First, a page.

When you’re eating, do you ever think about the health of your brain? One of the reasons I became a dietitian is my interest in how foods affect our body’s ability to function. Substances like potassium, magnesium, and sugar seem chemically simple at first. But did you know these are the substances that determine whether or not our brain cells function properly?
Have you noticed that certain foods look like body parts? Take the walnut for an example. Walnuts look like little brains with folds and divided halves, just like the brain. And interestingly, the nutrition in walnuts helps brains function and grow.
Eating food for their function has been around for thousands of years. An ancient philosophy known as ‘The Doctrine of Signatures’ states that plants that have similar looks and shapes to various body parts can be used to treat ailments for those parts of the body. And although there are some major scientific flaws to the doctrine of signatures, studies have demonstrated the ways food prevents, delays, or leads to cognitive conditions.
There is no single food that can give you a perfect memory or stop you from developing Alzheimer’s disease. However, studies have helped reveal some foods, like the five listed below, boost brain health.
Kimchi is a fermented blend of cabbage, garlic, onions, ginger, and red peppers. Even though, fermented foods have higher association with gut health, there’s a growing body of research suggesting that probiotics also have a wide range of positive effects on mental health.
Not all kimchi is created equal, but scientists have identified 970 different bacterial strains in kimchi! That’s a lot of potential for one food.
In a study published in Journal of Applied Microbiology, researchers tested and confirmed that one of the strains, Lactobacillus pentosus to determine may have the ability to help protect against memory loss.
A little nervous to try kimchi? Try these kimchi pancakes. I recently tried them at our local H-Mart and have found the spiciness from the kimchi is a great way to incorporate fermented vegetables into my meals.
I already mentioned walnuts protecting brain health but the list also includes almonds and hazelnuts. And even though sunflower seeds are technically not a nut, these seeds are a very rich source of vitamin E so they belong on the list too. A study published in the American Journal of Epidemiology, suggests that higher intakes of vitamin E may help prevent cognitive decline.
(Mix walnuts into this trail mix for a brain-friendly snack!)
Oily, fatty fish
The main source of oily, fatty fish include salmon, trout, mackerel, herring, and sardines.
These types of fish are good for brain health because they provide essential omega-3 fatty acids, EPA and DHA. And they provide these fats in a ready-made form, which enables our body to use it easily. Lower levels of DHA have been linked to an increased risk of dementia, Alzheimer’s disease, and memory loss.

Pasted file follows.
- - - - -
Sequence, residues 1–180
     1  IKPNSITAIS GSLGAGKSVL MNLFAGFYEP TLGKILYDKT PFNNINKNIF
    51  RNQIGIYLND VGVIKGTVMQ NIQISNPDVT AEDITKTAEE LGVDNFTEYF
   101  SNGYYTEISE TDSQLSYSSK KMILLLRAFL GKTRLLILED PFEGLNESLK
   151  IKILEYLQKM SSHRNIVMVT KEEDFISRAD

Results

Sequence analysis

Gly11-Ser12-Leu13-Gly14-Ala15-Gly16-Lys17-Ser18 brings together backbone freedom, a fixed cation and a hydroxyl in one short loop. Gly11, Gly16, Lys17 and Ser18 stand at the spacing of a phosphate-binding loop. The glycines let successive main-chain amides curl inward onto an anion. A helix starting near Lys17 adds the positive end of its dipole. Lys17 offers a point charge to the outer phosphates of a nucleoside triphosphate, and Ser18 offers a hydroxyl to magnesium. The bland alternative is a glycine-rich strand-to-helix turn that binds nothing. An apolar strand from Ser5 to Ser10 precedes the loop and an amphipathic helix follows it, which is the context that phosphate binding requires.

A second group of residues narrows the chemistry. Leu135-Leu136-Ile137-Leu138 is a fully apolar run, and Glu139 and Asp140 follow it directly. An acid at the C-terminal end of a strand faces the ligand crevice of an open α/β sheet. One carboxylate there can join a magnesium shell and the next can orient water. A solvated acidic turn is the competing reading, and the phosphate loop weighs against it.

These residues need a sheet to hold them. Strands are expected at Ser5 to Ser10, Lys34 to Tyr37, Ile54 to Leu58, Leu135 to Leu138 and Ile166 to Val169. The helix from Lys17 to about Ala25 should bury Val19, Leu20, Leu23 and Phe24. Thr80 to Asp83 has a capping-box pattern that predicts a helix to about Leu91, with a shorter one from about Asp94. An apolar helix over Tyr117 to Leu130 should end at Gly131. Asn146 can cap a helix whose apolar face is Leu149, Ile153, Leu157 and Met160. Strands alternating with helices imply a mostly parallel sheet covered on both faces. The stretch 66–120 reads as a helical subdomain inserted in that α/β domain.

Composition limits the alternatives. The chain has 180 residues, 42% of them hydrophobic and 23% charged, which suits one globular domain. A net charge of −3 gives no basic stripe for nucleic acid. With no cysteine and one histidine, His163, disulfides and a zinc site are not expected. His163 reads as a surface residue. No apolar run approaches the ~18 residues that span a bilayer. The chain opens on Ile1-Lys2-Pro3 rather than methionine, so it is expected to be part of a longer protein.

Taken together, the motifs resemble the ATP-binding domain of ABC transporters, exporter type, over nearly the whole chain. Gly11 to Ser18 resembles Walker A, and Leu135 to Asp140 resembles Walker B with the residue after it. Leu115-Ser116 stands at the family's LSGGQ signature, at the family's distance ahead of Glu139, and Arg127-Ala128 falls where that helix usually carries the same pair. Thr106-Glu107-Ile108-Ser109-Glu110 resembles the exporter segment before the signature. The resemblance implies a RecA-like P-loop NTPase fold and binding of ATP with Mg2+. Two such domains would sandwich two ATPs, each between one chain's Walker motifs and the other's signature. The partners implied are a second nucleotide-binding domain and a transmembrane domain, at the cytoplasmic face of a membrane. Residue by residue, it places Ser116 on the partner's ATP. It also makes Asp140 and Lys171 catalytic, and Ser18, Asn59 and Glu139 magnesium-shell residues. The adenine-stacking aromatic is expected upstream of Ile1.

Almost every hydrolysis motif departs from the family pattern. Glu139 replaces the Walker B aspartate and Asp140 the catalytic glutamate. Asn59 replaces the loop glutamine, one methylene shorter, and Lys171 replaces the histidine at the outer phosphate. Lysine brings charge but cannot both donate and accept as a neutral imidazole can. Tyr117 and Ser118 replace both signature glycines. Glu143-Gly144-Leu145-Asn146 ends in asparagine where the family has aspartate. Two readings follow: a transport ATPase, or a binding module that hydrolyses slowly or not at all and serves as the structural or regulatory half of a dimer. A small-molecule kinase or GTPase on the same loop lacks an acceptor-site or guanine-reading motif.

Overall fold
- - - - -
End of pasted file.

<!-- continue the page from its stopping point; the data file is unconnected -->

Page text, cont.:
(Try this Asian grilled Salmon from Ina Garten.)
Another food that kind of looks like a brain. This leafy green is a member of the cabbage family and is a good source of vitamin K, which is known to enhance cognitive function and improve brain health.
And for those who don’t eat fish, brussels sprouts contain another type of omega-3 fatty acid, called alpha-linolenic acid (ALA). Although, this type of omega-3 fatty acid is not as readily available in our body as the ones found in fish, the body converts ALA to the more active form. The process makes Brussels sprouts a good source and by eating a few servings a week, you can easily meet your omega-3 fatty acid needs.
(Try roasting your sprouts with bacon! YUM!)
We have been eating oatmeal for thousands of years and for good reason. The brain needs a constant source of energy to stay focused and energized and to avoid the midday slump. Oats provide a slow and steady stream of glucose, which leads to several hours of sustained brain power.
Oats also contain choline, which helps produce neurotransmitters that prevent against memory loss and memory functions. Research continues to show how choline influences brain structure and function, even during the fetal brain development phase.
(Try these overnight oats with blueberries and walnuts!)
The proof of how brain function is related to what you eat is still in its infancy. I don’t think it’s total coincidence that certain foods look like body parts. This nutritionist believes we’ll continue to see more food-disease relationships as we dig further into brain health.
Eating a nourishing, well-balanced diet gives our brain the best boost at being healthy.